Sometimes you read things in the news and are thoroughly amazed and awed by some of the fantastic things people think of and make happen. Other times you can read something and be thoroughly amazed and awed for the opposite reasons and wonder, “What the hell are they thinking?” Recently, the Pentagon has resolved to do a study on the women who are breaking down the barriers of traditionally male-only schools. They want to test the women who have been successful since the military lifted the ban on women attending these courses a few years ago.

The bean counters want to test these “hyper-fit” women who have passed the Army Ranger School (30 and counting); Special Forces Assessment and Selection, or SFAS (three thus far); and Marine Infantry Training (two as of 7/19). They’re sending them to the U.S. Army Research Institute of Environmental Medicine in Natick, Massachusetts, commonly known as Natick Labs, to see what makes them so “physically successful” and “competitive.”

They’re testing these women’s physical, mental, and psychological attributes to find the answers they’re looking for. In one test, the analysts are hooking these women up to a mask and breathing apparatus, which is linked to a computer to calculate each participant’s V02 max score while they’re running on a treadmill. While this will test the amount of oxygen a woman is using at her peak exercise rate, it isn’t going to answer their question about why these women were successful.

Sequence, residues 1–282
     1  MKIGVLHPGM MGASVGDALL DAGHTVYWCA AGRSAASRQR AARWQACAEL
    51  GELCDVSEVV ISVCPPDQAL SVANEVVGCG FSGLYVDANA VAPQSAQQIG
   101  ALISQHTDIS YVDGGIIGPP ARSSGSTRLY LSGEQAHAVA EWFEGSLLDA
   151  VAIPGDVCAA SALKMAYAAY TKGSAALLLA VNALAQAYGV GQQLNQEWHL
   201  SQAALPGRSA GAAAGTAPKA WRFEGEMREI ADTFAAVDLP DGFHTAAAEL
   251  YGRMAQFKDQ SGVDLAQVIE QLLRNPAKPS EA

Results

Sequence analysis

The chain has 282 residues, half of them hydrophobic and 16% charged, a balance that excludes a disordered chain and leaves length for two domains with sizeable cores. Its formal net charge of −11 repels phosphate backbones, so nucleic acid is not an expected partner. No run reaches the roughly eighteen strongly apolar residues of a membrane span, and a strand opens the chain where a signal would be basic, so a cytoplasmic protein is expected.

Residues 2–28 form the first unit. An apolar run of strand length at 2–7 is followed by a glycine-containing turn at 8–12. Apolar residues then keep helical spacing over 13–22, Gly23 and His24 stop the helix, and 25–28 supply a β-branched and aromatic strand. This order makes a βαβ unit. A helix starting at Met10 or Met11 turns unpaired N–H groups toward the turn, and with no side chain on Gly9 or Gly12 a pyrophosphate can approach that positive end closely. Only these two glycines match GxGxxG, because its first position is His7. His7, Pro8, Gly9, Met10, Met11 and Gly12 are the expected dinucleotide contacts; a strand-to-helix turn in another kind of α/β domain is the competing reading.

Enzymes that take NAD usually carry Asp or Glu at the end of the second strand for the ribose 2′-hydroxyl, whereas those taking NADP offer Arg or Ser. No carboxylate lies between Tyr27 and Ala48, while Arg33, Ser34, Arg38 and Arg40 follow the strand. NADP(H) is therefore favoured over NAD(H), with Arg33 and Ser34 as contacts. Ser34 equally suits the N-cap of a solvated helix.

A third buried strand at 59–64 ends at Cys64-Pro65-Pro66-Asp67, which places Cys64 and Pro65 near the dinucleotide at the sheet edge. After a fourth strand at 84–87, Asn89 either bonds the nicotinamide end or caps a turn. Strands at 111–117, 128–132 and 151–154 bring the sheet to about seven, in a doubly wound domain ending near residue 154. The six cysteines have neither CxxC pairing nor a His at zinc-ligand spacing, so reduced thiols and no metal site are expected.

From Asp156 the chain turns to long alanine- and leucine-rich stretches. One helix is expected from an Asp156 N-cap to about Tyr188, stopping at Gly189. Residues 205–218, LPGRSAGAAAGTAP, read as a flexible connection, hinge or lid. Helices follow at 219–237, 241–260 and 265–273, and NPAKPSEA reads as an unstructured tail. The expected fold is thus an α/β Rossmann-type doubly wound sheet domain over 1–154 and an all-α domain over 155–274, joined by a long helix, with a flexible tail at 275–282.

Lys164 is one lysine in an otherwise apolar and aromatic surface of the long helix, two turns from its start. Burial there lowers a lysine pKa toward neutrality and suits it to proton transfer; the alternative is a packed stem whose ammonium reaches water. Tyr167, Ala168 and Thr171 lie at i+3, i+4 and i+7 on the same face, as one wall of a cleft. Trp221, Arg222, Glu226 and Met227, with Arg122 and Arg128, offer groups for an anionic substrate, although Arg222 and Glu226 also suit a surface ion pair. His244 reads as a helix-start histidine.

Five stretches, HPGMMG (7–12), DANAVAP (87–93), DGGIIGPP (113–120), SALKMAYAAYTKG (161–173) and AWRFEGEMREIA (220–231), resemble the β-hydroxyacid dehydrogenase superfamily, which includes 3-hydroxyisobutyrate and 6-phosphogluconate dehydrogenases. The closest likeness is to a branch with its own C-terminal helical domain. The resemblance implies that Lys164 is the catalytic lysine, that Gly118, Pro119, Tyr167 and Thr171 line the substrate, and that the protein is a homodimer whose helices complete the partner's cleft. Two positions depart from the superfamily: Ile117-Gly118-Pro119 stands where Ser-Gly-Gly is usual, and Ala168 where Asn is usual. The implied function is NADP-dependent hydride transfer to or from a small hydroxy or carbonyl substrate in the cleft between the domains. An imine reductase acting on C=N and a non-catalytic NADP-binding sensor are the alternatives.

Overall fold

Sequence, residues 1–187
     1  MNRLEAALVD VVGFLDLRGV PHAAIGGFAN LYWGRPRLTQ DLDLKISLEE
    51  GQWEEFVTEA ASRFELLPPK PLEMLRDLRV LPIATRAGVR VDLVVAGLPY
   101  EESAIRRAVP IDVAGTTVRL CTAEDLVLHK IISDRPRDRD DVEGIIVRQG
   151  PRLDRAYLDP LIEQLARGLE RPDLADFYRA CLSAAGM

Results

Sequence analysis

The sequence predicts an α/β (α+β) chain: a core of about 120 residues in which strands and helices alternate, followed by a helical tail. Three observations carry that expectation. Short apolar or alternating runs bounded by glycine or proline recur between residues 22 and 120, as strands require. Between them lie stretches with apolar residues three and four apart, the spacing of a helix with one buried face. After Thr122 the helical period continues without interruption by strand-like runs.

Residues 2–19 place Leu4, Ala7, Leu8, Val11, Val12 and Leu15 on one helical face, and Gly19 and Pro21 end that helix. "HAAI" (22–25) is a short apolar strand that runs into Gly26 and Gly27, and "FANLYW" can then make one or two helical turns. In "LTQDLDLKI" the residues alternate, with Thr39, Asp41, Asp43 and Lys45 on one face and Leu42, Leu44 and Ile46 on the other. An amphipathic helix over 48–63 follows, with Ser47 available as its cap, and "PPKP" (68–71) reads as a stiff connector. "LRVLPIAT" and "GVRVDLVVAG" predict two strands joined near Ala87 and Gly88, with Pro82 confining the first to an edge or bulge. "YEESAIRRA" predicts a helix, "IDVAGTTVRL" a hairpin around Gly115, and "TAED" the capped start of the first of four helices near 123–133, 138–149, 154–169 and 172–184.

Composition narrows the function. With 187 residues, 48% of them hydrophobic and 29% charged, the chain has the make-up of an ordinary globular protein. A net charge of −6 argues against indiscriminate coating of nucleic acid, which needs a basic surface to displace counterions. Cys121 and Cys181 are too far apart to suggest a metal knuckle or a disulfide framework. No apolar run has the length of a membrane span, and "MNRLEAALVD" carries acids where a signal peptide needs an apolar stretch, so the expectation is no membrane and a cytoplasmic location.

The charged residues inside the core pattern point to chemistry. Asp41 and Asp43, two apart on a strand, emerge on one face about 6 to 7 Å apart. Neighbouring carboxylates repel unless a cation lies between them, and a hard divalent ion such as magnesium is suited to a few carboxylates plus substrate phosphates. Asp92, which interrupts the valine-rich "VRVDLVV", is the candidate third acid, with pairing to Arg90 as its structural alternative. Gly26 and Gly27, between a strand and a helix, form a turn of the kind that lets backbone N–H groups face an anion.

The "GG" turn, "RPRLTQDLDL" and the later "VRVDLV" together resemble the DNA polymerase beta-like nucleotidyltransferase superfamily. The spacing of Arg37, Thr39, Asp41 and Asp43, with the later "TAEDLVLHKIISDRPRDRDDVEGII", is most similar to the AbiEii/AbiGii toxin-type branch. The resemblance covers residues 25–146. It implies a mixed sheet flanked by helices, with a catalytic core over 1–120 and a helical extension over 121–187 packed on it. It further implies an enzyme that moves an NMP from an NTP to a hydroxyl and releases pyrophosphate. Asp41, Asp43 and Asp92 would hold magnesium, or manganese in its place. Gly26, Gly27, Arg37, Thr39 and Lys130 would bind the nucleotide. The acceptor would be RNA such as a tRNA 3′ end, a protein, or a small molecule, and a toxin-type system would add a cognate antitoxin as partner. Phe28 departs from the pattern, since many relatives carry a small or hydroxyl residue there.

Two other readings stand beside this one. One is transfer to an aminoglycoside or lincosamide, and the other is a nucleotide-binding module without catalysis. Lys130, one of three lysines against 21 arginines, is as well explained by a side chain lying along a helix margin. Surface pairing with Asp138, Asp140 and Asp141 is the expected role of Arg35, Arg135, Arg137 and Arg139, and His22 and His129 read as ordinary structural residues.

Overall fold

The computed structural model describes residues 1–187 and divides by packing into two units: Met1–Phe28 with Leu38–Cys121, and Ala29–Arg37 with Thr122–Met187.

This isn’t intended to disparage the good folks at Natick Labs. They do marvelous work there. All of the gear—the good gear that is put in the hands of soldiers, sailors, Marines, and airmen—goes through testing there. They come up with ways of making those pieces of equipment better by improving upon the designs. They also do tremendous work in biomechanics, injury reduction, nutrition, medicine, and much more. But the Pentagon is looking in the wrong place.